I have nothing on the Comcast ISP in my office besides the gateway they provided me plugged into the cable and I logged into that gateway and there is nothing that would be blocking it. I had the same problems with an ATT network down at convention center in South Florida. Here is another thing I have noticed. If I disable the local LAN adapter on the security server, flush the DNS, and re enable that local LAN adapter, it will work (usually) connecting to it. If I disconnect from the desktop and try to reconnect, it will not work, so it works for the inital connection.
Of all the things I have read about this similar issue, people have said it was either a DNS or routing issue so I have no idea.
Next question would be for the DNS entry, do I delete the blast HTML entry or my original External URL entry?
Hmm, I thought of an idea over my energy drink break (it's like lunch but less filling) 😃 - If you haven't, could you try logging in via Security Server IP instead of DNS on the View Client? If that does work, it's definitely not a permanent solution since the SSL certificate check (even if it is current and valid) will come back invalid. You'll have to make sure you allow the client to connect regardless of cert to test it.
As for which to remove to test I'd drop the blast entry, but I still don't see any reason for that to cause an issue. The flip-side though is that I can't directly see the configs so I may be missing something in my head. Also I haven't played with blast much yet and can't wait to get my hands on it. I checked it out before release about 8 months ago but I'm locked in an environment with no View at the moment. Still, I think blast can be configured to use the same URL just a different port, which is 8443 by default (correct me if I'm wrong on the same URL thing).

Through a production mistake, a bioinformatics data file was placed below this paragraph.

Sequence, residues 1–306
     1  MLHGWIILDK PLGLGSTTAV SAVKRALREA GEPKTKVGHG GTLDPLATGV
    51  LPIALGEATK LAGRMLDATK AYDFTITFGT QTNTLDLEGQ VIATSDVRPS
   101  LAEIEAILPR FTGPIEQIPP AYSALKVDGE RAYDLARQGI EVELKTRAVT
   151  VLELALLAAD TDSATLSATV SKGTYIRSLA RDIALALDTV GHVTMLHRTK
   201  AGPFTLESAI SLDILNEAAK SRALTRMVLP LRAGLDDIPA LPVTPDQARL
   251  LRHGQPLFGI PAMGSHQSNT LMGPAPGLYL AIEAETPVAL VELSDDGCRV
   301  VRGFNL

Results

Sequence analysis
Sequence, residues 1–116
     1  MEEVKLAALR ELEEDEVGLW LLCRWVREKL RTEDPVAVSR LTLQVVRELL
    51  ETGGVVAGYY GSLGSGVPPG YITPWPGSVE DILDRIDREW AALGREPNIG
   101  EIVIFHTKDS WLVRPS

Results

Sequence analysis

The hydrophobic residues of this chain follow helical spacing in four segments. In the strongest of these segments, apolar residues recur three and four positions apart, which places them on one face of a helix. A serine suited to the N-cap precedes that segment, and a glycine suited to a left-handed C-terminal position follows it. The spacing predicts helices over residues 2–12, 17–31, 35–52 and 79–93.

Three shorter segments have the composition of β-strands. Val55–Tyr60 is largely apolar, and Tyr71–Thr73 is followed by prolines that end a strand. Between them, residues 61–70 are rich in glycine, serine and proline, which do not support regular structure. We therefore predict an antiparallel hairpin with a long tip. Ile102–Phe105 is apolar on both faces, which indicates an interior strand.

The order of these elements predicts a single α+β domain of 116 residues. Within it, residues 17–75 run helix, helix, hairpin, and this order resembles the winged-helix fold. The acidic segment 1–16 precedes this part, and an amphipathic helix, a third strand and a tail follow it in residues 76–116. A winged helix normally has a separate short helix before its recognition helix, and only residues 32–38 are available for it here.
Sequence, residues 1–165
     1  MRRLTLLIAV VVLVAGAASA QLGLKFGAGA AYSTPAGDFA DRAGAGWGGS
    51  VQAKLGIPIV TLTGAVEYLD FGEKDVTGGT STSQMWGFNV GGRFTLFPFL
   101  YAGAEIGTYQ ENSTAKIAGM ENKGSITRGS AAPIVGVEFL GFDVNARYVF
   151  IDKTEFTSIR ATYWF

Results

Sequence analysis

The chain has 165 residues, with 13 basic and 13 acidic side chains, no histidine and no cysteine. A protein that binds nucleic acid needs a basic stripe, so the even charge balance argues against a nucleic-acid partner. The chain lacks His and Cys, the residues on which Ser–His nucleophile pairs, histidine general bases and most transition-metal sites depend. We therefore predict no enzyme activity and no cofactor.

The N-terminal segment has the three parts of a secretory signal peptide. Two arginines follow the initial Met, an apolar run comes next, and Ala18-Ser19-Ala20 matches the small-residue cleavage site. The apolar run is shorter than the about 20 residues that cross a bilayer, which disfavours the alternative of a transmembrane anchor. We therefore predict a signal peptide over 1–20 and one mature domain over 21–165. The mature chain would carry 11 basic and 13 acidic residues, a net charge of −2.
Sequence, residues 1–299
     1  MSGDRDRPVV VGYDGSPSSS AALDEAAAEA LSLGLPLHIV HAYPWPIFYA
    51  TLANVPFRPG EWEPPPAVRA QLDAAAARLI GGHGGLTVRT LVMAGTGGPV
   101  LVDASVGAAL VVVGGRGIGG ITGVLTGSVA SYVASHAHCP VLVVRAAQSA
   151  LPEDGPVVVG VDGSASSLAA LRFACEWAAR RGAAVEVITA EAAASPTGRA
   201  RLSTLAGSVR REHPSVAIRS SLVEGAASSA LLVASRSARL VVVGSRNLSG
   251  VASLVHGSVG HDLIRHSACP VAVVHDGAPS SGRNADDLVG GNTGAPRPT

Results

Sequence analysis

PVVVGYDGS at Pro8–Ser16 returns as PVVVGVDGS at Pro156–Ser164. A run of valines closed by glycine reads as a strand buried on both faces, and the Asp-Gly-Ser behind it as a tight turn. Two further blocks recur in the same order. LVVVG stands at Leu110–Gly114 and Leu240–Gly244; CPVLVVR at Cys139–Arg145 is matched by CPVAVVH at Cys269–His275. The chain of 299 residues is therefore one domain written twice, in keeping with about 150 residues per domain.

Hopefully the IP test works.
Tried but no luck. Matched all entries DNS and still no luck. I already have an open call with engineers and they are not sure what the cause is so I am trying to get extra feedback if there is any idea to the cause of the issue. I am clueless now! I am leaning toward setting up a new security server but I would much rather avoid that if possible.
Too bad on the IP test but that helps narrow down the issue, and I'm glad to hear it's already opened with support (I assume those are the engineers you mentioned). That may be the best route considering, I'm not sure how easy resolving something like this remotely without accessing the system would be.
I am still curious about that business ISP, I've heard of things being blocked via the ISP itself before. Basically it would just surprise me a bit if the issue wasn't external to your environment. Could be an issue with the machine/client you're using to connect from work though but the intermittent part makes everything suspect.
Just to clarify, in all cases where it doesn't work you ARE able to log into the server via the client and it connects you to the desktop, you just then see a black screen right? If there are some situations where it doesn't connect you to the Security Server at all the distinction is important. The fact that you connect correctly after disabling, flushing dns on, and re-enabling the NIC is definitely strange, more so I feel like because the IP test didn't work and that you can connect from a different external network.